You could survive for a month without food, but you’d be dead in a week without water. If knowing that makes you think staying hydrated might be a good idea, here’s 8 ways to drink more water.
1. Drink and drive.
Buy a reusable bottle (for bonus points, garnish it with stickers or decorations of some kind to make it your own) and keep it in your car. Sipping on it as you go about your day can add up depending on how much you drive; and if you find yourself stuck in a traffic jam, at least you’ll be hydrated.
2. Drink on the job.
It’s easy to forget about drinking (water) on the job if you get busy working on what seems like a never-ending To-Do List. Keep a bottle of water in a visible place so you’ll remember to drink it. To keep it simple, just take a few sips every hour on the hour.
3. Coffee drinkers rejoice.
Good news for coffee fans: coffee may be included in your water tally. Before you get too excited, I’m not endorsing the daily Starbucks visit I know so many of you are fond of; you’d be better off brewing your own coffee at home. Add a dash of cinnamon, drizzle of honey, and splash of milk to improve the flavor.
4. Think about all the money you could save.
Think that $3 soda was expensive? You don’t know the half of it.
A single serving of soda only costs the average restaurant 5 to 20 cents. In other words: don’t be too thankful for those free refills (trust me, they can afford it). Don’t endorse such a mark-up by purchasing soda when you dine out; instead, order a water to get healthy and save cash. Just look at the facts:
The average American eats out 4-5 times per week; based on the assumption of 20 restaurant visits per month, let’s do some math:
20 restaurant visits per month X $3 per soda = $60 saved per month, or $720 in a year (which is more than enough to invest in an amazing experience like a cruise to an exotic country, getaway to a bed and breakfast, or trip to the beach).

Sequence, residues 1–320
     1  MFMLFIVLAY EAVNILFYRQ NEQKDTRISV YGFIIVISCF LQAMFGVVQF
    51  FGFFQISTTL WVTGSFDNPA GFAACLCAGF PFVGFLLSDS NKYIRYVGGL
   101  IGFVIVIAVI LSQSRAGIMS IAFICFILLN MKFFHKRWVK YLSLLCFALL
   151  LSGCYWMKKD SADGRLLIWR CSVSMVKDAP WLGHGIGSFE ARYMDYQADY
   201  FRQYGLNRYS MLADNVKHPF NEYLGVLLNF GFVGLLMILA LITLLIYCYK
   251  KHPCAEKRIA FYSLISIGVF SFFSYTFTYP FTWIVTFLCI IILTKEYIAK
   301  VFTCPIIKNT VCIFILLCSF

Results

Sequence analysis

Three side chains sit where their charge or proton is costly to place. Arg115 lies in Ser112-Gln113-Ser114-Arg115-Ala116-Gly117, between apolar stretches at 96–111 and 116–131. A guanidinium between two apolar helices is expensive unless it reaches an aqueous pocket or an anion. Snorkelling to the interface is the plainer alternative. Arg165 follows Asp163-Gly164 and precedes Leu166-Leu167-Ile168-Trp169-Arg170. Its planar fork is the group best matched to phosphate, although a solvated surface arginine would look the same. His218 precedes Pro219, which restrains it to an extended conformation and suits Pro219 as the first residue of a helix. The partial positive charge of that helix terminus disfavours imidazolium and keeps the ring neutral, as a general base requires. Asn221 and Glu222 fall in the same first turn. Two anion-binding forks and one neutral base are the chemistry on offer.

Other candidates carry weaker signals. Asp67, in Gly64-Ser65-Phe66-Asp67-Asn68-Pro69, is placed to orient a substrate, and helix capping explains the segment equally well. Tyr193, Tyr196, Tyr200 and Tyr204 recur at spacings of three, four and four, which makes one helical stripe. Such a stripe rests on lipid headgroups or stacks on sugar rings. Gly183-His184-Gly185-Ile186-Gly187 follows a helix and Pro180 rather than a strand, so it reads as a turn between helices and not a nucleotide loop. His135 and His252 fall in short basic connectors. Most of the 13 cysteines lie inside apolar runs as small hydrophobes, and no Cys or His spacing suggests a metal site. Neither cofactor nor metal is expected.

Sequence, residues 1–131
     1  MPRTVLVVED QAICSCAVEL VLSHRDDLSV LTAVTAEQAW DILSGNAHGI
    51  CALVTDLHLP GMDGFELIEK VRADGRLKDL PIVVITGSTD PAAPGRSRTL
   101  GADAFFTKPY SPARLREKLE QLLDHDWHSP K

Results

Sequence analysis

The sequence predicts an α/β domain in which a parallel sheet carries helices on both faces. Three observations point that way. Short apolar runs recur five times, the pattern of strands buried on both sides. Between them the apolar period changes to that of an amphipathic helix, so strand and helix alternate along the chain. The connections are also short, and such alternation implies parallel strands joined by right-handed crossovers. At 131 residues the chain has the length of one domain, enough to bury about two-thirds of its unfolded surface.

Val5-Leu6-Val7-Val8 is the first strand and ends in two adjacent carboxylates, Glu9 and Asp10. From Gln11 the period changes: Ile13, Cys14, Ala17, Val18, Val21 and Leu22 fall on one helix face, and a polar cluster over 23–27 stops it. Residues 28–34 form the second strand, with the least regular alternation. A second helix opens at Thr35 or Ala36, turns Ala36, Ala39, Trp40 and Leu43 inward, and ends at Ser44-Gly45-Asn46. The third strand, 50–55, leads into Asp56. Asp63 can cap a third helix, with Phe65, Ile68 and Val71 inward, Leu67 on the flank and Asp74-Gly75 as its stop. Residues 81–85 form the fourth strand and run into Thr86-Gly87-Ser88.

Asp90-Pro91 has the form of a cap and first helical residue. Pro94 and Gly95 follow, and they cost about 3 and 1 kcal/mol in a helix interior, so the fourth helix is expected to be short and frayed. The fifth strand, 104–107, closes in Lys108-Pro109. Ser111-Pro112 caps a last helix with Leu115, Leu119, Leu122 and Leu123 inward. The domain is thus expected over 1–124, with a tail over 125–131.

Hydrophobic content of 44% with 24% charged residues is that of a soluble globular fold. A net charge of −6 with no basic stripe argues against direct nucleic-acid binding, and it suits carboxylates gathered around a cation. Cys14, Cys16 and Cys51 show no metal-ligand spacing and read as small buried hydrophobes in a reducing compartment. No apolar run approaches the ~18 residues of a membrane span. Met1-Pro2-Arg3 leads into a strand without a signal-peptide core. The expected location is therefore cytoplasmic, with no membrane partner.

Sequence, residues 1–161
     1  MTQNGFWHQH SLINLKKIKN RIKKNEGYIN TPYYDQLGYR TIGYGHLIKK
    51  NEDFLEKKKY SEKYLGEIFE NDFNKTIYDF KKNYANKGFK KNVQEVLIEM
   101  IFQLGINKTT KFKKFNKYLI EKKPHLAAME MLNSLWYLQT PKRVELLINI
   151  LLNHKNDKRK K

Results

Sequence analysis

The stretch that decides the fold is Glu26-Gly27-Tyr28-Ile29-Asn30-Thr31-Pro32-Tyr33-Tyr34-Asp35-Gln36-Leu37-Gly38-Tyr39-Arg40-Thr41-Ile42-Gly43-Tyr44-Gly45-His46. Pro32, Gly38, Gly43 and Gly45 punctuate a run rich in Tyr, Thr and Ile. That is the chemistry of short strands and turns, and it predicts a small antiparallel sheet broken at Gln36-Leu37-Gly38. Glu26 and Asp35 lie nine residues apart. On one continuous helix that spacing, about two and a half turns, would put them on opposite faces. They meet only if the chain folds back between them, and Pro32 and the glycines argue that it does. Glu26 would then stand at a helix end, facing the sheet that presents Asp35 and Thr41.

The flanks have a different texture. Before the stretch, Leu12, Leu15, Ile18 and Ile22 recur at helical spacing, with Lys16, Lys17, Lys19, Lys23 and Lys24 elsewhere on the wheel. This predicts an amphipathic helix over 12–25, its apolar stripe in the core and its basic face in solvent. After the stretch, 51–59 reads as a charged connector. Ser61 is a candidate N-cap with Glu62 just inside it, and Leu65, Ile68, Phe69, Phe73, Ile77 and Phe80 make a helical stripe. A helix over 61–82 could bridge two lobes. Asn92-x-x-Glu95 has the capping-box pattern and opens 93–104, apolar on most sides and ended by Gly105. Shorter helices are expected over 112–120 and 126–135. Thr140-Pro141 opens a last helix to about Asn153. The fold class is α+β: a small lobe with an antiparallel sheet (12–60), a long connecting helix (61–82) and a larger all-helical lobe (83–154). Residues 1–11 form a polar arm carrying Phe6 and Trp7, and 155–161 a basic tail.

5. There’s an app for that.
If you keep forgetting to stay hydrated, download a free app like Hydro that includes a water consumption calculator text reminders of your goal. For more fitness apps that might be useful, click here.
6. What to do if you think water is boring.
There is no escaping the fact that water might not fill your taste buds with glee in the way that artificially sweetened beverages do. As a past Mt. Dew addict, trust me when I say, “I know the feeling.” But just like a little creativity can take your morning coffee from zero to hero (dash of cinnamon + drizzle of honey + splash of milk. Try it‒you won’t regret it), water can be made more exciting. Add chunks of fresh fruit to your water for a more enjoyable natural flavor. If you’re looking for suggestions, try lemon, lime, watermelon, and orange. Experiment with different kinds of fruit (and even with combinations of fruit) until you discover your perfect recipe.
7. Keep it simple.
I know the often repeated recommendation of “drink 8 glasses of water a day” might sound like a lot, but it’s really not. To hit your daily quota of 64 oz., just consume 10-12 oz. (a little over a serving) of water at the following times every day:
- As soon as you wake up (dehydration results in brain fatigue, so let’s fix that right away)
- Before breakfast, lunch, and dinner (sometimes hunger is thirst in disguise, so this will prevent over-eating)
- An hour before bed (close enough to bed-time to keep you hydrated, not so close you’ll wake up having to pee)
Your ideal water intake could be more or less than 64 oz. depending on a variety of things, like your activity level and body composition, so it’s okay to experiment until you figure out what’s best for you. Stick with the schedule listed above, but feel free to increase or decrease your serving amounts in the direction of your needs and goals.